Antone's 28th Anniversary

Live Shot

Barbara Lynn & Derek O'Brien
Barbara Lynn & Derek O'Brien (Photo By Gary Miller)

Antone's 28th Anniversary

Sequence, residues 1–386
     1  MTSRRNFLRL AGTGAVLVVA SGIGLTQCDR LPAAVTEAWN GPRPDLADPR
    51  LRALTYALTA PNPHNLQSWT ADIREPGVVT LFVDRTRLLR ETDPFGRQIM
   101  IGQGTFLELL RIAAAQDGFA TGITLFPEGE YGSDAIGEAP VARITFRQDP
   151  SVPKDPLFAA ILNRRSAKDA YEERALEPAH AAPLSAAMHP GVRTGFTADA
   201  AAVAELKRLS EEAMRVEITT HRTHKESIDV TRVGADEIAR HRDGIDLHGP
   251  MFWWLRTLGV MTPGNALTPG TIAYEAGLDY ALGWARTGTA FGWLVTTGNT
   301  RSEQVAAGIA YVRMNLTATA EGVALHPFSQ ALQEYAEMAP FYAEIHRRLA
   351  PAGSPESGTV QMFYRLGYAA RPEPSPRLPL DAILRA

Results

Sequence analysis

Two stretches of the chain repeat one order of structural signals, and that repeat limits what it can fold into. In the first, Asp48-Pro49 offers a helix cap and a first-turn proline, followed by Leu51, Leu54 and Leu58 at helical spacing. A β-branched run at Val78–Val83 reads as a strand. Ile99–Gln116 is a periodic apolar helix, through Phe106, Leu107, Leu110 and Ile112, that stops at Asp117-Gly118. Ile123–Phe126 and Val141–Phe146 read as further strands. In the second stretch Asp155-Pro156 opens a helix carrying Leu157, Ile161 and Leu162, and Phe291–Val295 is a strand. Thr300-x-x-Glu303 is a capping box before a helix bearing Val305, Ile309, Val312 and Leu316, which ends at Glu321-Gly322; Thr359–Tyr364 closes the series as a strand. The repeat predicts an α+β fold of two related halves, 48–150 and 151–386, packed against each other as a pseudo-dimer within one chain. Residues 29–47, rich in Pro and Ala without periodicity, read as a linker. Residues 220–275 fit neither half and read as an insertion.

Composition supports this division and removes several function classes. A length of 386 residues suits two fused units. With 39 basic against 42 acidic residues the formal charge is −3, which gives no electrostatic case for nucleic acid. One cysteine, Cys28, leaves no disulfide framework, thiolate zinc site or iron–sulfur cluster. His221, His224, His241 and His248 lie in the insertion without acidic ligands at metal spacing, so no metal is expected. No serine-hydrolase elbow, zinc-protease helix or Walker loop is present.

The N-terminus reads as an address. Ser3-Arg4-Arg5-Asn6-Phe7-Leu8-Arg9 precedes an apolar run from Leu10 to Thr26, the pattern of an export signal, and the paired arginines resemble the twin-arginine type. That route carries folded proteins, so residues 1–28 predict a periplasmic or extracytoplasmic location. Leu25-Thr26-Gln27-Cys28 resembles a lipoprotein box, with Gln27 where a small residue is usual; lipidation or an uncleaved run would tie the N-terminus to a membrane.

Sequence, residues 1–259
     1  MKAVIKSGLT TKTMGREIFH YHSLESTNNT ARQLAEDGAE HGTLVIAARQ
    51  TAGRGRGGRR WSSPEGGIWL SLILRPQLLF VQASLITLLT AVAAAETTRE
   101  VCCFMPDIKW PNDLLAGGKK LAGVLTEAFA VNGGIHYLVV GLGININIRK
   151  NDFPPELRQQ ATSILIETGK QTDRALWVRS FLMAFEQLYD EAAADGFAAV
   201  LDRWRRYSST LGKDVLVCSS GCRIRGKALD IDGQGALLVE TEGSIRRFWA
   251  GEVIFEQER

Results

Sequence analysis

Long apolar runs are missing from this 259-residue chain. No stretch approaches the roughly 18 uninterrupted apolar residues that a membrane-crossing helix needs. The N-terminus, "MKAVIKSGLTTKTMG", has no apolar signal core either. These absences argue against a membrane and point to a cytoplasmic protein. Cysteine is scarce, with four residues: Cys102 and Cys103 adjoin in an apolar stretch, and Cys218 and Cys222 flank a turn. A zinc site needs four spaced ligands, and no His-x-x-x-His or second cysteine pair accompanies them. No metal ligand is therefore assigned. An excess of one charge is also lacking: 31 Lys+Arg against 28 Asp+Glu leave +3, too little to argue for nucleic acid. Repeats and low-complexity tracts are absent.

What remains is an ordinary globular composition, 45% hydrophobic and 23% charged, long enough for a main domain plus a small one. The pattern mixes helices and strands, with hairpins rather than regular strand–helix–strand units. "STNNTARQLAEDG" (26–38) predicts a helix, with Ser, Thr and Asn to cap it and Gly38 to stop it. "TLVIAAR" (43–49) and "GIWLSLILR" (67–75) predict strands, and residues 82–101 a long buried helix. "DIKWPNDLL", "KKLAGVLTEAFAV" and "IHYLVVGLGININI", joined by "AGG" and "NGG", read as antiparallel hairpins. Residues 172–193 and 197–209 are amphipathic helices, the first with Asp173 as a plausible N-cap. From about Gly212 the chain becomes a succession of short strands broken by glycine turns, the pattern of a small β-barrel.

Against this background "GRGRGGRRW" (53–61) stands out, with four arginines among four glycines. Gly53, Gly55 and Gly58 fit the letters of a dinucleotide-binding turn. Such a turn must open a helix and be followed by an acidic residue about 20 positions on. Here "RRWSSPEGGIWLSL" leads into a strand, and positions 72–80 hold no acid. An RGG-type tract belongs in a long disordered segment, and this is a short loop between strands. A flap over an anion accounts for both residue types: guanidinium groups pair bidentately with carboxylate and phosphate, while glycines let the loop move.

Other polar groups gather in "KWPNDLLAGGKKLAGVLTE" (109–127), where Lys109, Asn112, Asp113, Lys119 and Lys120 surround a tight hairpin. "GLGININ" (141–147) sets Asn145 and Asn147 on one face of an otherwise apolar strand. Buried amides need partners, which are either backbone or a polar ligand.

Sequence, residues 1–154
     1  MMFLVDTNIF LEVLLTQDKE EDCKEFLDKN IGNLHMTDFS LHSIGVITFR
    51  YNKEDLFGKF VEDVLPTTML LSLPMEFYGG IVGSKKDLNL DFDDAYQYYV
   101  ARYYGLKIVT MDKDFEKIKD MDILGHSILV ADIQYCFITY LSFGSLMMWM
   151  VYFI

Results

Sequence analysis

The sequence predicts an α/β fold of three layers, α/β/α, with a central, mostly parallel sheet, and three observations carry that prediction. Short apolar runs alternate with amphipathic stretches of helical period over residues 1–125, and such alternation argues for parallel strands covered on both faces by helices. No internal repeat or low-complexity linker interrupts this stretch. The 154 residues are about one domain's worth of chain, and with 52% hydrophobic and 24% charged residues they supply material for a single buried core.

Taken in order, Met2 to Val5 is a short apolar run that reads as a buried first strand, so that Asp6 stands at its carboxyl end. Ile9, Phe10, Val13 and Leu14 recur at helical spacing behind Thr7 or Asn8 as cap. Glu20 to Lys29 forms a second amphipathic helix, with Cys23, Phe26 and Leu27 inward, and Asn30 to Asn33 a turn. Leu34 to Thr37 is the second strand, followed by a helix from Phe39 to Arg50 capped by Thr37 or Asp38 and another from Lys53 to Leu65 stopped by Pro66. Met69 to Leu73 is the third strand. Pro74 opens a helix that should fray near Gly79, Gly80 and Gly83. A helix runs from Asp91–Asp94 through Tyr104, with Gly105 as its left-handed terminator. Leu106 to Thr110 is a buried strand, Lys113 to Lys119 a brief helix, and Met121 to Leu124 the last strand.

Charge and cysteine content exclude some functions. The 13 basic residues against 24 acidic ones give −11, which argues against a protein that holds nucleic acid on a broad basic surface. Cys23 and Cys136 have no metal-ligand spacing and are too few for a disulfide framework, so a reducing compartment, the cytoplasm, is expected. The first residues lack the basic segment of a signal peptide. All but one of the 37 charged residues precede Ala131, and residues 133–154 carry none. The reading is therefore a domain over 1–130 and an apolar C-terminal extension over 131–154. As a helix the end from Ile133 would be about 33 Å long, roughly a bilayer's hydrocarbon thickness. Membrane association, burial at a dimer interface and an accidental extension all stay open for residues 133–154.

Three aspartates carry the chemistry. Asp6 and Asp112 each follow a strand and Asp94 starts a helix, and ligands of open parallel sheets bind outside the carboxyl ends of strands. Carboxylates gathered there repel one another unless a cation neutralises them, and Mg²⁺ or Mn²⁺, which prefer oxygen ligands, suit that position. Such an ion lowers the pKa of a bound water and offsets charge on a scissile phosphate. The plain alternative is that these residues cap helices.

Antone's, July 13-19 From the looks of things, only Clifford Antone had the stamina to go all nine days of his namesake's 28th birthday bash. Some of us managed half of that, yet were still in the majority of blooze hounds left barking by the time Beaumont's Barbara Lynn took the club's stage early Saturday evening. The 61-year-old southpaw guitarist put on her brightest smile in the face of an "intimate" audience and proceeded to get equally familiar. From the opening epidural of Al Green's "Let's Stay Together," through Lynn's Top 40 radio immortal "You'll Lose a Good Thing," down to surf-kissed closer and Clifford request "What'd I Say," the guitarist strummed up a groove straight out of the Fifties drive-in jukebox in the sky. Backed by Antone's all-stars Derek O'Brien, Tommy Shannon, Frosty "George" Smith, and anniversary junior MVP Matt Farrell on keys, Lynn's 60 magic minutes were the candles being blown out on Clifford's cake. A year ago, that marker would've had a file baked into it. This year, Antone followed Lynn with Hubert Sumlin, a guitarist the birthday boy introduced as one of the most important musicians since the invention of sound. If Howlin' Wolf's Chicago-based keeper of the "Killing Floor" has slowed in his seventh decade, Antone's devotion to him has not. It was Sumlin, along with Muddy Waters' rhythm section, that had been the center of attention earlier in the week. Tuesday, Antone's former mistress, Bay Area dweller Angela Strehli, took a gulp of whiskey, two Elmore James, and after an hour, left a call for current club queen bee Lou Ann Barton, who ended the evening like a bite of lime after a shot of Patrón. In between, Derek O'Brien and Jimmie Vaughan grinned like Cheshire (Strat) cats during Kim Wilson's blow out, then Sumlin's. By all accounts, the next night -- Wednesday -- bowed on similar bluesings, Strehli and W.C. Clark reuniting for some righteous Southern Feeling, followed by James Cotton's harp lessons. Sue Foley, another Antone's Texpatriate, had taken a few of those at the side of Strehli Tuesday, but her 90-minute lover's call Monday night was that of an A student. Ditto for Los Lonely Boys the night before, and Doyle Bramhall II, who followed Foley and his dad's performance two nights earlier with a Charlie Sexton sit in, some Stevie Wonder, and his terrific "Green Light Girl." Good thing someone flashed "Go" at anniversary grand hostess/house photographer Susan Antone and her brother all those lifetimes ago. Home is where the blues are.

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